Using the recommended guidelines, overall burnout was determined by adding scores of emotional exhaustion and depersonalization (>75% percentiles) [17-18].
Data analysis was done using Statistical Package for the Social Sciences (SPSS Version 22, IBM, Armonk, NY). Bivariate analysis was performed using independent sample T-test and analysis of variance (ANOVA). Multivariate regression was performed to determine significant predictors of burnout in the physicians. P-value <0.05 was considered as an indication of significance.
Physicians who were employees of MoH working in Primary Health Care centers for more than six months and willing to participate were selected for this study. Ethical approval was taken from the ethical committee of the Directorate of Health Affairs, Jeddah and Ministry of Health (H-02-J-002-00762). Before the interview, verbal consent was taken from the physicians and confidentiality of data was ensured.
The study population consisted of 246 physicians working in the primary health care centers. Mean age of the physicians was 35 ± 7.6 years. The average weekly working days were 5.5 ± 1.0 with 8.8 ± 1.1 hours per day. The average daily patients in outpatient department (OPD) for each physician were around 30. The majority of physicians were Saudi general practitioners and family medicine specialist doctors (Table 2). Other demographic data have been provided in Table 2.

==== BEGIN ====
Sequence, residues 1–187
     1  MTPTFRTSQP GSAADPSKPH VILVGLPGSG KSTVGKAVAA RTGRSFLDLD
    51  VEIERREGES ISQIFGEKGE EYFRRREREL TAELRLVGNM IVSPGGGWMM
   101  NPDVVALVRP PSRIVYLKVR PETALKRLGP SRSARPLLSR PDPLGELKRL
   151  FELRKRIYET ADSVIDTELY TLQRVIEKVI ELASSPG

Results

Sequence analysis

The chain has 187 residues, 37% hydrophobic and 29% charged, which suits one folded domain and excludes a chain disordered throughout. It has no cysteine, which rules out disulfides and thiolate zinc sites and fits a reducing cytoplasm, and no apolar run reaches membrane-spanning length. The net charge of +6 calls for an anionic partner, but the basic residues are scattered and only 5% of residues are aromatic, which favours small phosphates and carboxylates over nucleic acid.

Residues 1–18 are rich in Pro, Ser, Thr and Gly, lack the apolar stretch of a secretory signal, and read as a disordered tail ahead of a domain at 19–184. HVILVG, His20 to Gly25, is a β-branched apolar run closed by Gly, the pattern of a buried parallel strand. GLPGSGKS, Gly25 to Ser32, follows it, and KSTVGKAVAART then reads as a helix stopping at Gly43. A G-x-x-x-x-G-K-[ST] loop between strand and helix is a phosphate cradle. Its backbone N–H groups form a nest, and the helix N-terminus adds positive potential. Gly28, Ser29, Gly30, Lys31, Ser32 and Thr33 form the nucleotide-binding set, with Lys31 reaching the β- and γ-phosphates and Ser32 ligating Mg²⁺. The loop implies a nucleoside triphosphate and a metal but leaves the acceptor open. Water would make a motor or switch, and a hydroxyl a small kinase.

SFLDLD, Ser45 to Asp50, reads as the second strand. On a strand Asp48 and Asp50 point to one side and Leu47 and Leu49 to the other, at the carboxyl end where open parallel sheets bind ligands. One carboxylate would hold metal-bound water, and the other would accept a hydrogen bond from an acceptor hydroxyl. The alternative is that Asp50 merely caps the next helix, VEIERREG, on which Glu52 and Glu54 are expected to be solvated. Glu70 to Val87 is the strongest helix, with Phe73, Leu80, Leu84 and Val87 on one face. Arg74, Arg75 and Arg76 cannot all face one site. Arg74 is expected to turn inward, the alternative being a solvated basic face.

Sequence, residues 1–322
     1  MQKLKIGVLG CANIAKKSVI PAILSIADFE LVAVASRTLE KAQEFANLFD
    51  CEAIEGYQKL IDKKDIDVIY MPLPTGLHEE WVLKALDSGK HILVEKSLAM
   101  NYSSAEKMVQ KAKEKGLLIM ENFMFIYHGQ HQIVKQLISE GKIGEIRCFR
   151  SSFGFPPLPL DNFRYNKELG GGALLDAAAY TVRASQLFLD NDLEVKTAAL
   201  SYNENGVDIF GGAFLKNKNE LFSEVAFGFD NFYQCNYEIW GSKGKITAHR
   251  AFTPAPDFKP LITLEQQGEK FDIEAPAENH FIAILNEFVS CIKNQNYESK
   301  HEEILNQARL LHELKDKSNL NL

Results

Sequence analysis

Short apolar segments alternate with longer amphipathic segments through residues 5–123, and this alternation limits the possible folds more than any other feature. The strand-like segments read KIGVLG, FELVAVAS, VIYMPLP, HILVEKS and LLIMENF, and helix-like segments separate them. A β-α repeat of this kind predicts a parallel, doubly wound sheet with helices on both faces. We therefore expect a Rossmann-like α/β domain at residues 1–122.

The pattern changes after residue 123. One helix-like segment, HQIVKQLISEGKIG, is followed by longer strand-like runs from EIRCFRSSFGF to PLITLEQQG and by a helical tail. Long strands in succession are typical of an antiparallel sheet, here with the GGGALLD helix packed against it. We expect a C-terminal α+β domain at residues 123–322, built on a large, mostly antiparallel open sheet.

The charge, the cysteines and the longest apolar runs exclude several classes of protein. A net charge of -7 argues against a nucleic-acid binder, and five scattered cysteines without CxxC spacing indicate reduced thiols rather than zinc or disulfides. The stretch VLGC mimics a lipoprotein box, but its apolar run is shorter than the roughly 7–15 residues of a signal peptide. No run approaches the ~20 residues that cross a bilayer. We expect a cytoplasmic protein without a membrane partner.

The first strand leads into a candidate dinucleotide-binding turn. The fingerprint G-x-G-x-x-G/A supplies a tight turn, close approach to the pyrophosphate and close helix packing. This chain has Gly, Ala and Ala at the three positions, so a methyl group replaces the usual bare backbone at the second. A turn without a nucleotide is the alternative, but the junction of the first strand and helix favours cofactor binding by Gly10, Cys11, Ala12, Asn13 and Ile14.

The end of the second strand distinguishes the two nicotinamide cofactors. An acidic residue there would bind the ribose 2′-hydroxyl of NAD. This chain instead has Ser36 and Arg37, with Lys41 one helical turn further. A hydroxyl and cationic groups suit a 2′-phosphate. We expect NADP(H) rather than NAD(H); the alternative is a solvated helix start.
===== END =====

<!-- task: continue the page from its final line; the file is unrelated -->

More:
The physicians were not authorized by MoH to perform their duties outside PHCC (n=54, 22.2%) or in evening shifts (n=22, 8.9%). Most of the PHCC physicians were not satisfied with the restroom (82.1%) and paperwork (81.4%) in the center. Also, the majority of the physicians (73.9%) thought that the PHCC’s administrative department was slow. The mean scores with standard deviations (SD) of overall burnout and subscales are given in Table 3.
According to the calculated 75th percentile, the overall prevalence of burnout among the physicians working in PHCCs was 25.2% (Table 4). Moderate to severe emotional exhaustion was found to be in 69.5% of the physicians. However, no significant difference (p=0.375) was noted between the overall burnout status of GPs (no or low burnout found in 76.8%) and FPs (no or low burnout found in 67.3%).
Figure 1 shows a number of patients per day to be a positive predictor of overall burnout. (p < 0.001). Daily patients in OPD explains around 12% of the variance in overall burnout.